Yahoo! Contributor Mark Whittington finds it significant that Sarah Palin not only has a foreign policy advisor in the first place, but that she chose Peter Schweizer for the position:
Palin has not even announced a run for the presidency, not to speak of actually winning the office. But it may well be that we already know whom her National Security Adviser will be should she attain the Oval Office.- JP
This suggests that a President Palin's foreign policy will be at once less and more aggressive than what has been conducted during the past 10 years. Noting the five-point "Palin Doctrine" articulated recently, there would be fewer deployments of conventional American forces overseas. Those that occur will be engaged in sharp, overwhelming campaigns of limited duration and clear, measurable goals. These campaigns would more resemble Grenada during the Reagan administration and Panama and the Gulf War during the first Bush administration than Afghanistan, Iraq, or especially Libya.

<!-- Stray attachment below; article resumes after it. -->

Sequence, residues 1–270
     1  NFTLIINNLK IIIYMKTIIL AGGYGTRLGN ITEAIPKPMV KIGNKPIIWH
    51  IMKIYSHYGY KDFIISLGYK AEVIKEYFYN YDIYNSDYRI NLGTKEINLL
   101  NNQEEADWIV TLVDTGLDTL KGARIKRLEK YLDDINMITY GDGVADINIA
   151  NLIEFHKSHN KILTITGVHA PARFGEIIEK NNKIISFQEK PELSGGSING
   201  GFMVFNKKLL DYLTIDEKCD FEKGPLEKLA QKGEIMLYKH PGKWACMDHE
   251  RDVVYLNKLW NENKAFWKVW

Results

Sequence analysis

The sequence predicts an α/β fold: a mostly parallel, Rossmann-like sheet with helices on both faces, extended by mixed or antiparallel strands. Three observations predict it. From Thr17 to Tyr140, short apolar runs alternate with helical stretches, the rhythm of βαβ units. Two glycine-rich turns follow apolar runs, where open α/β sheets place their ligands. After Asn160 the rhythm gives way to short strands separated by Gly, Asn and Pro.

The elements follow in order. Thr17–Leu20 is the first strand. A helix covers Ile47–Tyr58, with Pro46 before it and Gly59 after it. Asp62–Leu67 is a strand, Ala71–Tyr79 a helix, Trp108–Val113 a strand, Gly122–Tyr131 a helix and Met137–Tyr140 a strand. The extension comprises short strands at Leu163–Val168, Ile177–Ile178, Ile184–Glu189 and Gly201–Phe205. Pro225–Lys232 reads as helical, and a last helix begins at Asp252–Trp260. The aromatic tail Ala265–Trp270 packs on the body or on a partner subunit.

At the same time, a President Palin would strike at the enemies of the United States, such as Iran, and assist her friends with a whole panoply of tools, ranging from economic sanctions, diplomatic pressure, and support for protesters and insurgents. In short, Palin would deal with Iran, Syria and North Korea, among other countries, the same way Reagan dealt with the Soviet Union, as Schweizer chronicled in his book on Reagan's strategy to end the communist regime in Russia, "Victory: The Reagan Administration's Secret Strategy That Hastened the Collapse of the Soviet Union."
Palin would learn from the successes of Reagan's Cold War strategy and adapt it for the realities of the 21st Century.